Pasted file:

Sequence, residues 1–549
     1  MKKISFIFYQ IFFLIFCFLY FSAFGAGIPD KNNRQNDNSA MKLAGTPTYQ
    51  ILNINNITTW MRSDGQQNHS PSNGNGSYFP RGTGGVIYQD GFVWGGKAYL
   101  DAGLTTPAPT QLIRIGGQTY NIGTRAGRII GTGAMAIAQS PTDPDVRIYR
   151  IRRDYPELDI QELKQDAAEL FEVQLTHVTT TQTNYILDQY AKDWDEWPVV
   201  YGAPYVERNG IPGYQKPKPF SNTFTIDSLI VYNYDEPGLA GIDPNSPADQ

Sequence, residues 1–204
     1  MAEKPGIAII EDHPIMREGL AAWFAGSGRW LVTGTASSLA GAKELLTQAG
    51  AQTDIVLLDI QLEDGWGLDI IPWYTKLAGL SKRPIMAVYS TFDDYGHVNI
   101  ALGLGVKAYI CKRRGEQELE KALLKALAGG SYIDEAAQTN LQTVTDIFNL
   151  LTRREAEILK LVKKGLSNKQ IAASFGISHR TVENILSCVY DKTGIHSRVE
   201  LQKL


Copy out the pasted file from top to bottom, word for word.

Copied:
Sequence, residues 1–549
     1  MKKISFIFYQ IFFLIFCFLY FSAFGAGIPD KNNRQNDNSA MKLAGTPTYQ
    51  ILNINNITTW MRSDGQQNHS PSNGNGSYFP RGTGGVIYQD GFVWGGKAYL
   101  DAGLTTPAPT QLIRIGGQTY NIGTRAGRII GTGAMAIAQS PTDPDVRIYR
   151  IRRDYPELDI QELKQDAAEL FEVQLTHVTT TQTNYILDQY AKDWDEWPVV
   201  YGAPYVERNG IPGYQKPKPF SNTFTIDSLI VYNYDEPGLA GIDPNSPADQ

Sequence, residues 1–204
     1  MAEKPGIAII EDHPIMREGL AAWFAGSGRW LVTGTASSLA GAKELLTQAG
    51  AQTDIVLLDI QLEDGWGLDI IPWYTKLAGL SKRPIMAVYS TFDDYGHVNI
   101  ALGLGVKAYI CKRRGEQELE KALLKALAGG SYIDEAAQTN LQTVTDIFNL
   151  LTRREAEILK LVKKGLSNKQ IAASFGISHR TVENILSCVY DKTGIHSRVE
   201  LQKL